The first trip to map the Alaskan coast was led by Vitus Bering, a Danish explorer serving in the Russian military, during Anna’s rule. Additionally, he made the discovery of the Aleutian Islands and eventually gave his name to the body of water dividing America from Russia.
Elizabeth, the daughter of Peter the Great, overthrew Ivan VI, Anna’s baby grand-nephew when Anna passed away. Ivan VI lived all of his life in captivity and was killed by his guards at the age of 23 after an unsuccessful effort to liberate him. While everything was going on, Elizabeth gained notoriety for her excess, conceit, and numerous young lovers.
However, she was also capable of taking decisive action. Elizabeth led Russia into the Seven Year’s War against Frederick the Great of Prussia in coalition with France and Austria.
Peter The Great and The Russian Army
At the Battle of Kunersdorf, the Russian force devastated Frederick but was unable to capitalize on its success. The Winter Palace in St. Petersburg was finished at a significant cost.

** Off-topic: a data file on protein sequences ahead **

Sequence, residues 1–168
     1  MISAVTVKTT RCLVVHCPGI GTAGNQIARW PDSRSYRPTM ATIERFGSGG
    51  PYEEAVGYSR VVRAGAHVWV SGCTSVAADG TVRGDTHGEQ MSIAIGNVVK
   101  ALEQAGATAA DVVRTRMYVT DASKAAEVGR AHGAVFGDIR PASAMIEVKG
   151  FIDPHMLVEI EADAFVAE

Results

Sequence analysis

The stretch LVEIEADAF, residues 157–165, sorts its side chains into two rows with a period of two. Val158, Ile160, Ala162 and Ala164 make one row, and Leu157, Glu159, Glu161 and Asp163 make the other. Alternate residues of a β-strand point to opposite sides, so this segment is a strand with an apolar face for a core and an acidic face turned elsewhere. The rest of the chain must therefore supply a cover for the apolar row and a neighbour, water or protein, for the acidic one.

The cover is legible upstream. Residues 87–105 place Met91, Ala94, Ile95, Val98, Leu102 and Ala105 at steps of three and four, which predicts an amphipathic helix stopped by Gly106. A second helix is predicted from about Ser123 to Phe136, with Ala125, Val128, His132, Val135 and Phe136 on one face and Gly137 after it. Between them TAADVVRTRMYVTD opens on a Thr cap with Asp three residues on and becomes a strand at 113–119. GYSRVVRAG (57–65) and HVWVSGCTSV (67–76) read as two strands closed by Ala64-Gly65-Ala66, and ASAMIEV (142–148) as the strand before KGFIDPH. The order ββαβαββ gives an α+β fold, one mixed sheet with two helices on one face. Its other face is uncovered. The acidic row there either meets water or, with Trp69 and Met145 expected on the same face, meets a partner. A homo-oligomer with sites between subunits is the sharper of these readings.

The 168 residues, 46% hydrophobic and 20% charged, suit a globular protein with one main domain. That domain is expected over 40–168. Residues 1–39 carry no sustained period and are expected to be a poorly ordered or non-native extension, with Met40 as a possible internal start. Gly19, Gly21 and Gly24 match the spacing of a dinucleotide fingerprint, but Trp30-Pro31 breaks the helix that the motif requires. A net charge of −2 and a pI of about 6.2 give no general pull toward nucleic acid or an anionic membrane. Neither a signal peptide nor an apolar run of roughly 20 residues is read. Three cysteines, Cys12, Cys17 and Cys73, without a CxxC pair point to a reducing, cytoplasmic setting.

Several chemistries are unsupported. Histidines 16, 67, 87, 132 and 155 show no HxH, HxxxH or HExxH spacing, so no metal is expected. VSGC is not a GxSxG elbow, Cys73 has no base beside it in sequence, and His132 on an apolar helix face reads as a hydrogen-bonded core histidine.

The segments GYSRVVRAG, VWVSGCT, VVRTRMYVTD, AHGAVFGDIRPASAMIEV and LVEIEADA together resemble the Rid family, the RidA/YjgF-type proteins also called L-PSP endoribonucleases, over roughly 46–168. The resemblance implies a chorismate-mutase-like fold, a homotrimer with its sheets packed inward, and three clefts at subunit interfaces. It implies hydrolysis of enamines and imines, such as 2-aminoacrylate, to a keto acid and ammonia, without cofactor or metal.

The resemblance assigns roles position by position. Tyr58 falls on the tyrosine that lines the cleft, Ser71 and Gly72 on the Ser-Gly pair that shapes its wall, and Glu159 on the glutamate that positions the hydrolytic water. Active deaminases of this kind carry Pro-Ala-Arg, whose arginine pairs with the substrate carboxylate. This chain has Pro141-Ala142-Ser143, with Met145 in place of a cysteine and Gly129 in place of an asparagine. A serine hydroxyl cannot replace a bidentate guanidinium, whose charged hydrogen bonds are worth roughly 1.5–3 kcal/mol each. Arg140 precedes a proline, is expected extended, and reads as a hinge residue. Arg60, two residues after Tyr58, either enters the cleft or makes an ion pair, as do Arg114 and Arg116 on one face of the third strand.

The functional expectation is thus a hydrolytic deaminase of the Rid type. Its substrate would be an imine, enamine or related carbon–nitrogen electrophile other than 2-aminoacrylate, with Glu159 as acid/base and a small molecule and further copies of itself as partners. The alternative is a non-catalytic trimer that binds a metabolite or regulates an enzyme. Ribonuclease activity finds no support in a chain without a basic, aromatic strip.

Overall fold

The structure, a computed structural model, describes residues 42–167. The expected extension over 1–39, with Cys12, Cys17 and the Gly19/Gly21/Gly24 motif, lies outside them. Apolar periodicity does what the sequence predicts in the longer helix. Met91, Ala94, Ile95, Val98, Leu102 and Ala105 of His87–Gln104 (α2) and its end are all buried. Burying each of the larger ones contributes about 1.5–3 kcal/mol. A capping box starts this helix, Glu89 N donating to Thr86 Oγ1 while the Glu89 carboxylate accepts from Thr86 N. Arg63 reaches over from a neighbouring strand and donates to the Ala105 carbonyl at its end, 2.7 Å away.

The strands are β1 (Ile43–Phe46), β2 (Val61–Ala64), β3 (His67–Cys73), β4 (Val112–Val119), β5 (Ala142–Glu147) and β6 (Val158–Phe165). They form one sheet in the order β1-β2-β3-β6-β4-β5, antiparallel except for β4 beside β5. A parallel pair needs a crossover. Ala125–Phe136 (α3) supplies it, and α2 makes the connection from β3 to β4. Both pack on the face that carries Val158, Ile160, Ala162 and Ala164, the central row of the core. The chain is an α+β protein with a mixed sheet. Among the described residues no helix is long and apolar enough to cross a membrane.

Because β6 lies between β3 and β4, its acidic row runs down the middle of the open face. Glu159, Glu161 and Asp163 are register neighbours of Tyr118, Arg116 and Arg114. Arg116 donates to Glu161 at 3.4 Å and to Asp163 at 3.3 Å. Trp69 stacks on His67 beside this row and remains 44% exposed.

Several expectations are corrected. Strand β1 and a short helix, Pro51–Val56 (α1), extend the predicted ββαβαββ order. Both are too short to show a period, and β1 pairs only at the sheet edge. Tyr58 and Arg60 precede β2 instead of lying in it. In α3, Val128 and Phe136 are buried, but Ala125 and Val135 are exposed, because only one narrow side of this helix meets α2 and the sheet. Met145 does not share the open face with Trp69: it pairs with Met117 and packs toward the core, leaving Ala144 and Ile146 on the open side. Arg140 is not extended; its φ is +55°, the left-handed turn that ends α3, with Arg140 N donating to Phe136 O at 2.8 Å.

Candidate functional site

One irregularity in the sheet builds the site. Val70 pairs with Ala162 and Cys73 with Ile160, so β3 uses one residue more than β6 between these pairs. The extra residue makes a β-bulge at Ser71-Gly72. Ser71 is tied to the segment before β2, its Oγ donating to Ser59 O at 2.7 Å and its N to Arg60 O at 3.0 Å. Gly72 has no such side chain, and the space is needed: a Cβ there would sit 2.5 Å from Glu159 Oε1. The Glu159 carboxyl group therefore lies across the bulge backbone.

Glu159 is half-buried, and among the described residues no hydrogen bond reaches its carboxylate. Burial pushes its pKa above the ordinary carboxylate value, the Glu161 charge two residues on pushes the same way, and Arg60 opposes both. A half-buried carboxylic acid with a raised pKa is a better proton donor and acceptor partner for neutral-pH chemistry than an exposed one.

It would continue to serve as the monarch’s formal residence until the 1917 Russian Revolution.
Peter the Great’s eldest daughter Anna Petrovna, who passed away after giving birth, had a grandson named Peter III. brought up in Denmark
Peter had Russia switch sides in the Seven Years’ War, sparing Frederick the Great from an almost certain defeat despite his little knowledge of Russian and admiration for Russia’s adversary, Frederick the Great. Many army officers were enraged by Peter’s conduct.
Additionally, Catherine, his German-born wife, had always hated him.
The Reign Of Catherine
Peter III was removed by them all, and he passed away a week later under strange circumstances.
His wife Catherine went on to become Russia’s Empress. Russia would look back on her reign as one of its most glorious Peter the Great’s policies set Russia on the route to becoming a major European power in the early 1700s.
However, the consummation of that transition was overseen by his grandson’s German wife, Catherine, who ousted her husband to become the Empress of Russia. She would also be known as “the Great,” like Peter.
Catherine was a follower and admirer of the French Enlightenment
and the two even exchanged letters. She ruled as an “enlightened autocrat” with unrestrained power, yet she upheld ideas of reason, tolerance, and development. Catherine was a generous supporter of the humanities and education.